Chapter 5

Desperate Joy

I was on Kanawha Terrace in St. Albans, West Virginia—my boyhood home. It was late afternoon, and I had been collecting for my paper route, my tenth-grade job. I had just stopped at the Sunoco station on the corner of Kanawha Terrace and Walnut Street and was enjoying the fruit of my labors—an ice-cold Pepsi. As I stood at the corner, I heard a growing roar, and as I turned, a flash went past me and I turned to see a fairly out-of-date Oldsmobile speed through the red light at the corner. Going at least eighty miles per hour in a thirty-five-mile-per-hour zone, the car flew down the street. One block later, another car pulled out of the side street, and the two cars collided in a huge crash. Bodies went flying in all directions, and I ran to see if everyone was okay. They weren’t. Two people were killed and seven hospitalized. To this day, it was the worst wreck I have ever seen. As it turns out, I was the only eyewitness to the accident, and I spent the next weeks as a fifteen-year-old kid giving depositions to lawyers and insurance representatives. They asked me a million questions, and I told them what I saw and how it felt.

That is what a witness does. Witnesses simply state the facts of what they saw and how it felt. Interestingly, the Greek word for witness is marturos—from which we get the word martyr. Why? Because Stephen was martyred as a result of witnessing about what he had seen and felt as a result of faith in Messiah Yeshua—Jesus Christ. Events in history are viewed as credible or falsified based on the integrity and character of the witnesses, and on this day, it is a wonderful blessing to know that the resurrection of Christ has many witnesses!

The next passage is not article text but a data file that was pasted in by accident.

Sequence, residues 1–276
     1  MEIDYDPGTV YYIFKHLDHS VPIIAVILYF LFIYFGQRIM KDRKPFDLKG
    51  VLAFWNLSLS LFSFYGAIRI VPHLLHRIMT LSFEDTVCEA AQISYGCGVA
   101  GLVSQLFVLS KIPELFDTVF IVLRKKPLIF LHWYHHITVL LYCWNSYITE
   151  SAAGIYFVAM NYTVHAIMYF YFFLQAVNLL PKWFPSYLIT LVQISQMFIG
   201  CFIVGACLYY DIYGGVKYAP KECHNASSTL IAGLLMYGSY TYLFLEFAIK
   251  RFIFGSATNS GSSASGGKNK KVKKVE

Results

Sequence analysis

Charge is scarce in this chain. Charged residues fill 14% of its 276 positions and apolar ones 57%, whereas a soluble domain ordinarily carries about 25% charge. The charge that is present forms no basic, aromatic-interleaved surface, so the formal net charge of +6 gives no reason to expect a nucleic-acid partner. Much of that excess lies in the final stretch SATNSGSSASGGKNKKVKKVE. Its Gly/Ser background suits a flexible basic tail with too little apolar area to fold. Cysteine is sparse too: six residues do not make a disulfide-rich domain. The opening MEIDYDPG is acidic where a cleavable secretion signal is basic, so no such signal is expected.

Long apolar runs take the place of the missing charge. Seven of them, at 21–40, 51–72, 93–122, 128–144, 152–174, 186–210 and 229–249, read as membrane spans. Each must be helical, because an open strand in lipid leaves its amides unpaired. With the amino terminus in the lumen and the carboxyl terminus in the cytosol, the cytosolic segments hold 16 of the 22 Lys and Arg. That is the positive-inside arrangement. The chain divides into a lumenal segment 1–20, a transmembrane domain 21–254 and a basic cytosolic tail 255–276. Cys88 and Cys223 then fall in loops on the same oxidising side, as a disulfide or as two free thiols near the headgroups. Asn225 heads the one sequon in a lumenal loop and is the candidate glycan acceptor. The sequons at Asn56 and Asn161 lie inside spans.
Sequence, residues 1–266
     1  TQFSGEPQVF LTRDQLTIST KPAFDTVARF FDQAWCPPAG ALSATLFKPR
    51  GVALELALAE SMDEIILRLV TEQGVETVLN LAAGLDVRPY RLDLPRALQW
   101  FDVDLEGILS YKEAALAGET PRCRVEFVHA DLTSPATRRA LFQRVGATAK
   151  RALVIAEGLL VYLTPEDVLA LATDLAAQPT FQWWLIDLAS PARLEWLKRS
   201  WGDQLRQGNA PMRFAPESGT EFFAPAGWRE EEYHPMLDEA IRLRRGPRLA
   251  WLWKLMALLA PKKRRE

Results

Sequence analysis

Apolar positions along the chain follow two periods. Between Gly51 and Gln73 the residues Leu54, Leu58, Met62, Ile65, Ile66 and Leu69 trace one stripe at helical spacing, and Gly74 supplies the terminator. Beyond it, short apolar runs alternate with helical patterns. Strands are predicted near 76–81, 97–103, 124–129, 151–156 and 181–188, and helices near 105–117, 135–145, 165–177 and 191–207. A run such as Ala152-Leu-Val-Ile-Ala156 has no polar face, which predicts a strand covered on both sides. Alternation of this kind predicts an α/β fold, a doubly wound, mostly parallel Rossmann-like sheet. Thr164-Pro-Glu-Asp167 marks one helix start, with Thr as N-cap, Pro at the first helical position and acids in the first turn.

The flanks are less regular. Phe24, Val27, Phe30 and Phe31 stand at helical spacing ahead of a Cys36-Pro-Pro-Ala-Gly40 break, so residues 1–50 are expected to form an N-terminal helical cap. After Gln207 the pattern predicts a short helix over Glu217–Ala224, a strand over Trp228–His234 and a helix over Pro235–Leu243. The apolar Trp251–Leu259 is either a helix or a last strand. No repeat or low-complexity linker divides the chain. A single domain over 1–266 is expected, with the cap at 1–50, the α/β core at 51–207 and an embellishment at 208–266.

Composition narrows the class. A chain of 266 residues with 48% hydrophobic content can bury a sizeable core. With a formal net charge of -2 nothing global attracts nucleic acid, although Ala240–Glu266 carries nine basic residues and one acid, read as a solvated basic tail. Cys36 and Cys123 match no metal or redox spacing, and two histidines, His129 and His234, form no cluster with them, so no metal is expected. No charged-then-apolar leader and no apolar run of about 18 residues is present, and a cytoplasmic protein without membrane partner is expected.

Events in history are viewed as credible or falsified based on the integrity and character of the witnesses.

In fact, over five hundred people saw the risen Christ at one time in only one of several post-resurrection events. The testimony of those witnesses and others, as well as the witness of two thousand years of changed lives, still declares that Jesus Christ is risen. Mary Magdalene was but one of those witnesses—but, once more, she was the first: “Mary Magdalene came, announcing to the disciples, ‘I have seen the Lord,’ and that He had said these things to her” (john 20:18).

Not only was she the first to see, she was the first to tell. Mary Magdalene was richly privileged because she deeply loved. And she ran back to the disciples and did what we are now to do—she told what she saw, and she told how it felt. He is alive, and because of that we have life forevermore! Joy has come where weeping had endured, for Jesus was—and is yet today—alive!